I like her broad concept (around 43:00) where she discusses the idea of how people tend to frame new situations using pre-existing experience and that this may not always be the most useful thing to do for what can be complex ideas that don’t or won’t necessarily play out the same way given the potential massive shifts in paradigms.
Also of great interest is the idea of instrumentarianism as opposed to the older ideas of totalitarianism. (43:49) Totalitarian leaders used to rule by fear and intimidation and now big data stores can potentially create these same types of dynamics, but without the need for the fear and intimidation by more subtly influencing particular groups of people. When combined with the ideas behind “swarming” phenomenon or Mark Granovetter’s ideas of threshold reactions in psychology, only a very small number of people may need to be influenced digitally to create drastic outcomes. I don’t recall the reference specifically, but I recall a paper about the mathematics with respect to creating ethnic neighborhoods that only about 17% of people needed to be racists and move out of a neighborhood to begin to create ethnic homogeneity and drastically less diversity within a community.
Also tangentially touched on here, but not discussed directly, I can’t help but think that all of this data with some useful complexity theory might actually go a long way toward better defining (and being able to actually control) Adam Smith’s economic “invisible hand.”
There’s just so much to consider here that it’s going to take several revisits to the ideas and some additional research to tease this all apart.
Smartphone apps track a staggering amount of data about our whereabouts every day. That data has become a hot commodity.
Just the national security implications for this alone should require regulations of these tech companies.
Turns out, a lot of it, actually.
Weblogs: A new source of News
An awesome “old” and prescient post about blogging and journalism. It’s interesting to look at this through the modern lens of social media and IndieWeb. Of course this article was written at a time when IndieWeb was the only thing that existed.
Highlights, Quotes, Annotations, & Marginalia
media organizations would do well to incorporate them [blogs] into their Web sites as an important new addition to the journalistic toolkit. ❧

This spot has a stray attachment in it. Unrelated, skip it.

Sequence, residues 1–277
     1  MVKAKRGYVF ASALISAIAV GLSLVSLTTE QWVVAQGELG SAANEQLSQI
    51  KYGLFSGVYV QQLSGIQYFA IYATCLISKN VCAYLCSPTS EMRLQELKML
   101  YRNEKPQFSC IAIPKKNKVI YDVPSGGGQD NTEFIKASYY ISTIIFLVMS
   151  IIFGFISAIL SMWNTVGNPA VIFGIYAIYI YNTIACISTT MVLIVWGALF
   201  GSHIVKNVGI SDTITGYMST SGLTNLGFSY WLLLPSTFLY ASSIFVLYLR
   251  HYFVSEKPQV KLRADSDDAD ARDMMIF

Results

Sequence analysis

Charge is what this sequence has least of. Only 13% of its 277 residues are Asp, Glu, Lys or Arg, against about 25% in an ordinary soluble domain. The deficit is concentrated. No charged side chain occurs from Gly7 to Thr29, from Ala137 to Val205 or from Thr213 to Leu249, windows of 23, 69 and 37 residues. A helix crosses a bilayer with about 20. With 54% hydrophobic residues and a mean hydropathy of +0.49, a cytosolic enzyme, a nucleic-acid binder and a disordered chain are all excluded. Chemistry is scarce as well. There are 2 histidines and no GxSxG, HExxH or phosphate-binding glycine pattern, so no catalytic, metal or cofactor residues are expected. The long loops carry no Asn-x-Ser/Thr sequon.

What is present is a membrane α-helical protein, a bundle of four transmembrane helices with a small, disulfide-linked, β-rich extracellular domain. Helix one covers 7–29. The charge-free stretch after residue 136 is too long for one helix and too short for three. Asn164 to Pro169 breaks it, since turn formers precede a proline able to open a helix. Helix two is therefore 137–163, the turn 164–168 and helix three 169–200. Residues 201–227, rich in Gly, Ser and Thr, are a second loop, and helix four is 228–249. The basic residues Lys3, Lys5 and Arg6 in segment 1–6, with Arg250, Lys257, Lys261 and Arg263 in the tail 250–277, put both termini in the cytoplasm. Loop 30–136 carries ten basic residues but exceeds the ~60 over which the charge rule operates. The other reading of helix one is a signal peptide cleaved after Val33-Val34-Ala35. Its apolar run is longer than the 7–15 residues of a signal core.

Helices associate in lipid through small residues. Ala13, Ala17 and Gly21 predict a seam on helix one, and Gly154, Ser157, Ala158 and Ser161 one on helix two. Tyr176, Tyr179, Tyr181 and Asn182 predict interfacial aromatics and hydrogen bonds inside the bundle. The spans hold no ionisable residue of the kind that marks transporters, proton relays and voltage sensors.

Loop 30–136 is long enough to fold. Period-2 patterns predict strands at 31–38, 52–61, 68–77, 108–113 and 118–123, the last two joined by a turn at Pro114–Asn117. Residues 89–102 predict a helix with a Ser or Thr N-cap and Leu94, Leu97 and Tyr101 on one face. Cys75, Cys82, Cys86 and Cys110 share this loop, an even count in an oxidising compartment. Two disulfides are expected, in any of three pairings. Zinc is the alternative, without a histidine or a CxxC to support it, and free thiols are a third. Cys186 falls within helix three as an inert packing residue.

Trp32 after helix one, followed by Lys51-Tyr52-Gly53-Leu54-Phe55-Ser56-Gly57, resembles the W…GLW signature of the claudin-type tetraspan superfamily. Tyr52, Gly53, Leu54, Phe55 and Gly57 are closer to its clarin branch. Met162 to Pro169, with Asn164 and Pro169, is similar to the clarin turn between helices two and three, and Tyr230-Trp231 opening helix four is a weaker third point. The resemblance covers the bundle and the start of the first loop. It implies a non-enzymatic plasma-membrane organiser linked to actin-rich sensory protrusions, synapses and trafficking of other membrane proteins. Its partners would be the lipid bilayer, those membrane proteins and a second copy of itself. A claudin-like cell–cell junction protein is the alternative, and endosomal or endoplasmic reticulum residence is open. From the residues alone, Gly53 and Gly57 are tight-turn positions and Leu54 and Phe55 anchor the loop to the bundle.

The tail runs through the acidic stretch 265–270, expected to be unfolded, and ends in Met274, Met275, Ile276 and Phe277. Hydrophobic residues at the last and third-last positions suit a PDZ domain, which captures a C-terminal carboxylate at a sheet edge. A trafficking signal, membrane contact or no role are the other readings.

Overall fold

December 21, 2018 at 08:09PM
Regular readers of Gillmor’s eJournal will recognize his commitment to user participation. “One of the things I’m sure about in journalism right now is that my readers know more than I do,” he says. “To the extent that I can take advantage of that in a way that does something for everyone involved ó that strikes me as pretty cool.”
One fascinating aspect of Gillmor’s Weblog is how he lifts the veil from the workings of the journalism profession. “There have been occasions where I put up a note saying, ‘I’m working on the following and here’s what I think I know,’ and the invitation is for the reader to either tell me I’m on the right track, I’m wrong, or at the very least help me find the missing pieces,” he says. “That’s a pretty interesting thing. Many thousands more people read my column in the newspaper than online, but I do hear back from a fair number of people from the Weblog.” ❧
My listen post
December 21, 2018 at 08:20PM
Anyone who’s dealt with networks knows that the network knows more than the individual.” ❧
December 22, 2018 at 09:15AM
Man, this is a beast that’s hungry all the time.” ❧
December 22, 2018 at 09:18AM
While many blogs get dozens or hundreds of visitors, Searls’ site attracts thousands. “I partly don’t want to care what the number is,” he says. “I used to work in broadcasting, where everyone was obsessed by that. I don’t want an audience. I feel I’m writing stuff that’s part of a conversation. Conversations don’t have audiences.” ❧
December 22, 2018 at 09:22AM
“The blog serves as a kind of steam valve for me,” he says. “I put stuff out there that I’m forming an opinion about, and another blogger starts arguing with me and giving me feedback, and I haven’t even finished what I was posting!” ❧
December 22, 2018 at 09:24AM
The Weblog community is basically a whole bunch of expert witnesses who increase their expertise constantly through a sort of reputation engine.” ❧
December 22, 2018 at 09:28AM
His dream is to put a live Web server with easy-to-edit pages on every person’s desktop, then connect them all in a robust network that feeds off itself and informs other media. ❧
December 22, 2018 at 09:31AM
He suggests that struggling sites like Salon begin broadening their content offerings by hosting user-created Weblogs, creating a sort of farm system for essayists. “Salon could highlight the best ones on page one and invest time and effort in the ones that are inspiring and exceptional.” ❧
December 22, 2018 at 09:35AM
Indeed, Winer says his most gratifying moments come when he posts an entry without running the idea by his colleagues first. “It can be a very scary moment when you take a stand on something and you don’t know if your argument holds together and you hit the send button and it’s out there and you can’t take it back. That’s a moment that professional journalists may never experience in their careers, the feeling that it’s just me, exposed to the world. That’s a pretty powerful rush, the power to publish as an individual.” ❧